Phoebe Issue 51.1 Takes Flight

Timothy Johnson

Phoebe 51.1 is ready to read. It’s soaring through the air (and perhaps trans-continental fiber optic cables, a reference you’ll get if you read the issue) to your computer, tablet, or phone screens. The print edition is also on its way to contributors and those of you who purchased them (thank you; also, if you’re so inclined, you can purchase the print edition of 51.1 here).

As a reader, nothing drives me more than emotional tenor. For me, the true test of great literature is that it goes beyond the reader’s intellect, funnels down their spine, crashes into their heart, and burrows into the pit of the their stomach. Such a comprehensive effect on a human being is exceeded by perhaps one other thing: lived experience. I think phoebe 51.1 builds a bridge rarely seen in literature, and we did it totally by accident. As I said in a conversation with one of our contributors, it’s like we threw a bunch of puzzle pieces into the air and they came down assembled.

This issue begins with a gorgeous cover by artist Zev Labinger, which for us is a meaningful throwback to phoebe’s history in style and content. The acrylic painting evokes the covers of a decade or so ago, and the mischievous little guy, Mr. Fox, makes his return after we last saw him on issue 47.1 in Fall 2017. Titled “Nocturne and Fox,” the cover’s focal point is the warmth of the city lights on the horizon. Sometimes the simplest things carry the most weight, and part of why I think this piece works as this issue’s cover is because of the context in which we’re publishing this issue. 

We here at phoebe haven’t talked much publicly about the time we’re living through, because we believe in art’s ability to speak to and through any particular historical context and provide hope (there’s that emotional tenor again). Still, as we enter the third year of life in a global pandemic, our circumstances demand some sort of response.

I spoke with our cover artist, Zev Labinger, via Zoom, and I asked him about “Nocturne and Fox.” To my surprise, he began his response by talking about Covid-19 and the pandemic. He said because he was staying home much more in his Israeli village, he’d taken to walks at night, and the lights from the neighboring town (represented here in his piece) always inspired hope in him. Keep your eye on the blog for more of my conversation with Labinger soon.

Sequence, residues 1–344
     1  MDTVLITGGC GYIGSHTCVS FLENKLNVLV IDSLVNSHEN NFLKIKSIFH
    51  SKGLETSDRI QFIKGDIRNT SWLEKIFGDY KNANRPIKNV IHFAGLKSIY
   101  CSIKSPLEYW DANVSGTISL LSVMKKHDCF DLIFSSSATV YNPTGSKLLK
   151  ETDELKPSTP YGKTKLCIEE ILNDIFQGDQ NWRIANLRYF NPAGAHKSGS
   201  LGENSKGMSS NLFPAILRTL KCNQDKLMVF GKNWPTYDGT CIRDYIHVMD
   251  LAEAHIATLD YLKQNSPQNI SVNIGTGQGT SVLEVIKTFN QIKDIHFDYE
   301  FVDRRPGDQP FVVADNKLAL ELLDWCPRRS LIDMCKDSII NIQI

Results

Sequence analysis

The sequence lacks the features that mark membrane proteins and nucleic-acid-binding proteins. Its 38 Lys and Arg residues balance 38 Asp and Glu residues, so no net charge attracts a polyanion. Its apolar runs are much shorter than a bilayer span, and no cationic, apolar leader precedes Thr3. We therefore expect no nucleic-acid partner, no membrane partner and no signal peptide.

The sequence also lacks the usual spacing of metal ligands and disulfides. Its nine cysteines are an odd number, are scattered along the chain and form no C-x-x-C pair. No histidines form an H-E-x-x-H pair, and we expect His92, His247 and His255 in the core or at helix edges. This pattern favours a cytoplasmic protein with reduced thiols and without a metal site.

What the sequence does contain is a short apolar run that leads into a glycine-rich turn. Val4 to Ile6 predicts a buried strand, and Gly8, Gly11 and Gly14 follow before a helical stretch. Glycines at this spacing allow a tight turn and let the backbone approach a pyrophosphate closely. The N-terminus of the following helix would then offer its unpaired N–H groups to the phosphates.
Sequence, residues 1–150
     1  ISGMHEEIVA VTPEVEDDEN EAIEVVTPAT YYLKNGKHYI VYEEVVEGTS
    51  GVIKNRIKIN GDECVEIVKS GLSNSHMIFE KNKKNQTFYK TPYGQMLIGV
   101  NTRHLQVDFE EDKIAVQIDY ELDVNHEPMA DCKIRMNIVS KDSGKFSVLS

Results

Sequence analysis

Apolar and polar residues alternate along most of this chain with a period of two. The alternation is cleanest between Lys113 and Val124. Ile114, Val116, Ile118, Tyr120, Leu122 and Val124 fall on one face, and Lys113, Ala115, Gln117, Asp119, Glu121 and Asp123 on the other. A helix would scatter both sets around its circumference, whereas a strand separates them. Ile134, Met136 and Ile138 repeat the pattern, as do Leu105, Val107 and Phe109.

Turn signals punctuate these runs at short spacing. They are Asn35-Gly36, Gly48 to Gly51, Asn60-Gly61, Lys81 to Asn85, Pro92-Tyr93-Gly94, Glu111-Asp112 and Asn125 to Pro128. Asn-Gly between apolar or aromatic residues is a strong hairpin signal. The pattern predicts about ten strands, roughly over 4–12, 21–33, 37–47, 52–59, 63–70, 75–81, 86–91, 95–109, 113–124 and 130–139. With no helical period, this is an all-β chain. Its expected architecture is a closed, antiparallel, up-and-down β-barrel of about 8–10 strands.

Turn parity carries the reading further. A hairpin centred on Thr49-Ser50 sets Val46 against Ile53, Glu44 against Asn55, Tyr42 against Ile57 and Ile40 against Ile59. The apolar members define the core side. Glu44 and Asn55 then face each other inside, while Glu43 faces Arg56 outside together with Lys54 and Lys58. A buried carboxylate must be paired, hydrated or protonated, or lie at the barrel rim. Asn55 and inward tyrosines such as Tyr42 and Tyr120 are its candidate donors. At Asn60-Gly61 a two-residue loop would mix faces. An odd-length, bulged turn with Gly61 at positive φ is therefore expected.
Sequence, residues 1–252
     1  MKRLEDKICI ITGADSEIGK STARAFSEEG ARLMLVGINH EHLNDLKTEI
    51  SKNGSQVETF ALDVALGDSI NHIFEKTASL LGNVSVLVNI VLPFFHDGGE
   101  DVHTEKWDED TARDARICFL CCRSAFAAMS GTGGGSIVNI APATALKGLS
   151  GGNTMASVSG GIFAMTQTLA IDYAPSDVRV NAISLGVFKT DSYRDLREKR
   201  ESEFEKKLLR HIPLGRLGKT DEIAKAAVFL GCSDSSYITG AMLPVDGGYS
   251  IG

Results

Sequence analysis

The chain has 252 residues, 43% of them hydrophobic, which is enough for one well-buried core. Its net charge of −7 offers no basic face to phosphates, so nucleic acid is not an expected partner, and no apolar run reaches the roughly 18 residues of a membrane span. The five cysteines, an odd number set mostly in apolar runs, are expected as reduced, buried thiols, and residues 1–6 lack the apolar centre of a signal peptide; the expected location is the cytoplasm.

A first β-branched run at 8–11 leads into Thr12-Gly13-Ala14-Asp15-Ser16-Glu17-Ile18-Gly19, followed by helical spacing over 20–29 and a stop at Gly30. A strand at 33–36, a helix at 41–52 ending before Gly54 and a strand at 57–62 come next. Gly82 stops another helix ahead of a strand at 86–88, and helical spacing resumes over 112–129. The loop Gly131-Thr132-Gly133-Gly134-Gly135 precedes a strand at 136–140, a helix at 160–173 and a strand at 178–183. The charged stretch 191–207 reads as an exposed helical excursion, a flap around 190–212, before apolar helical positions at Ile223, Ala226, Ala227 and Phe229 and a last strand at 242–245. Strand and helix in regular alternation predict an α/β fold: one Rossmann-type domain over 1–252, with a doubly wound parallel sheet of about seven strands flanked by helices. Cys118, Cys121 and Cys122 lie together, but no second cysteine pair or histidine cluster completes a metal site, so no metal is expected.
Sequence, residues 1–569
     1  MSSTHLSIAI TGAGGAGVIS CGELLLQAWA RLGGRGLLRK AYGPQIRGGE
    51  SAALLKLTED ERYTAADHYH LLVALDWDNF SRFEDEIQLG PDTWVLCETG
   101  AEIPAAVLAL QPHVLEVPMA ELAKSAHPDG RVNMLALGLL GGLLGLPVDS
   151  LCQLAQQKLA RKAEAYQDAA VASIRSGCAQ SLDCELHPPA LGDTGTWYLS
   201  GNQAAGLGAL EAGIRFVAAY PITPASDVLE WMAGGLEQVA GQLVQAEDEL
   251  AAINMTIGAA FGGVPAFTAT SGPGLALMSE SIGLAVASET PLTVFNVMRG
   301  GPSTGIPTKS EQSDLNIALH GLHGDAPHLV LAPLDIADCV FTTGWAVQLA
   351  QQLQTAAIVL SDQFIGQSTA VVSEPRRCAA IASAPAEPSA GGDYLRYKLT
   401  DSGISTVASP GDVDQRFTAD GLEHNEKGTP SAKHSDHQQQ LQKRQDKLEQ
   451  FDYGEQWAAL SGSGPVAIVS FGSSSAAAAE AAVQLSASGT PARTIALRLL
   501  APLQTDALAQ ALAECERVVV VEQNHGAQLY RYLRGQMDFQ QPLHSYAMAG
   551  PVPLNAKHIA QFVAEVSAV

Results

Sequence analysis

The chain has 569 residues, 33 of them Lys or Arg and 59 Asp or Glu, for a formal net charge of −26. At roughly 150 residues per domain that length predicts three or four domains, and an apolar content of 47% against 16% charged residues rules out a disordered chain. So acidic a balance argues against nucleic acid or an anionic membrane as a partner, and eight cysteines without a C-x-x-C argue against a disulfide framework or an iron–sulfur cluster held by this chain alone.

When I look at this issue of phoebe, I see something similar to Labinger’s observation of the distant city lights, a confluence of content and context, an ebb and flow of almost burdensome despair that carries the reader into the light through playfulness. 

Our genre editors have each written about how they see content and context converging in this issue. 

Fiction Editor Kevin Binder and Assistant Fiction Editor Bareerah Ghani write, “One fascinating quality our fiction selections share in this issue is their exploration of the everyday through the uncanny, bizarre, or absurd. In ‘The Mother Compact,’ we found this in the way motherhood has been rendered in its chaotic authenticity, alongside the quiet tension of its surreal plot and the beauty of its language. For ‘Severance,’ it lay within the insight and depth that bubbled just beneath its absurdist humor, in a story that says so much about our society without a single human ever coming onto the page. What we loved about ‘Some Assembly Required’ was the insular space its quasi-speculative premise created for the exploration of a relationship, as well as the depth of its narrative within its loose structure and sharp prose. And when reading ‘Insecticide,’ we loved what its gut-wrenching scenes of small cruelties (some intentional, some accidental) reveal about the protagonist’s childhood across all the story’s loosely stitched scenes. Though it certainly wasn’t our intention to ‘theme’ the issue, this common thread speaks so much to the quality of these works, that their authors succeed in weaving stories so unique, so individual, and yet so universal at the same time.”